This is a grown up cake, both in the making and the eating. The slight bitterness of green tea can be an acquired taste and the sponge is close to a genoise, with all the careful whisking that requires. The result is a delicate cake with a sticky sweetness that comes from green tea syrup drizzled over the top.
The recipe is out of the Wagamama cookbook. To start you need two big mixing bowls, at least one of which is heatproof. In one big bowl, sieve together 4oz (110g) plain flour and 1/2 tsp baking powder. The recipe also calls for an optional 1/2oz (10g) of matcha, green tea powder. I’ve made it both with and without matcha and, while it does bolster the tea flavour and gives the cake a nice speckle, if you can’t find it, or balk at the cost, then the cake will be fine without it. Crack four eggs into the heatproof bowl and add 4oz (110g) caster sugar. Melt 3oz (75g) of butter in another, little, bowl.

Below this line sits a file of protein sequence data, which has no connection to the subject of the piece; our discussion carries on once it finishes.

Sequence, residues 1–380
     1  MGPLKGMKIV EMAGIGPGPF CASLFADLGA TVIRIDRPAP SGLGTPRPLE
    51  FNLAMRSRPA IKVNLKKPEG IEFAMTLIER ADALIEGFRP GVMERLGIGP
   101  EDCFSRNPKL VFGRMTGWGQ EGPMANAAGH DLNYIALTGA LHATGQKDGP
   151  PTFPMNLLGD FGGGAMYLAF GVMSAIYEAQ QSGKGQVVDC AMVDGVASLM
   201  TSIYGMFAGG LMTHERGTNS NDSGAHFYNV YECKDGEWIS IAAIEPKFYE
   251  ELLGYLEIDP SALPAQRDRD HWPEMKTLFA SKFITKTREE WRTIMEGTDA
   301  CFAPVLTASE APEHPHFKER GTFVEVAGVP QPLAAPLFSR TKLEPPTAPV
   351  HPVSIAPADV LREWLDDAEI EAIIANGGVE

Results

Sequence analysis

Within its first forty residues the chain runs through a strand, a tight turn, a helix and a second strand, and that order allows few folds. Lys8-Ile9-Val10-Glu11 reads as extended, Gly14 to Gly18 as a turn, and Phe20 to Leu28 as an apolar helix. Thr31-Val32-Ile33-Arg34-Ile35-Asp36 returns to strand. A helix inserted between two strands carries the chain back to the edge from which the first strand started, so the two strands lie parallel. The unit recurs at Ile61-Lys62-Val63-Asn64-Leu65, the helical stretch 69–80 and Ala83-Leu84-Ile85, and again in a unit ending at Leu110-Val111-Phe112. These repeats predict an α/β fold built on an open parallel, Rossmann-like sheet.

Place the bowl with the eggs and sugar over a pan with an inch of barely simmering water and whisk with an electric hand whisk for 3-4 minutes until the sugar and eggs have created a thick, light, mousse. Take the bowl off the heat and sieve in the dry ingredients. Trickle the melted butter down the side of the bowl. Fold everything together using a metal spoon, making sure to scrape right down to the bottom of the bowl. Tip the mixture into a lined and buttered cake tin and bake for 35 minutes at 180C.
While the cake is in the oven make the syrup. Make a very strong brew using two green tea bags and 150ml of boiling water. Add this to a pan with 5oz (150g) caster sugar and heat over a low heat until all the sugar is dissolved. Once the liquid is clear, turn up the heat and boil hard for five minutes.
When the cake is out of the oven, poke loads of holes in it and very slowly drizzle the syrup over so that sinks down through the cake. Let the cake cool in the tin before carefully releasing it. If you want a photo, try and remember to take it before you’ve eaten half the cake.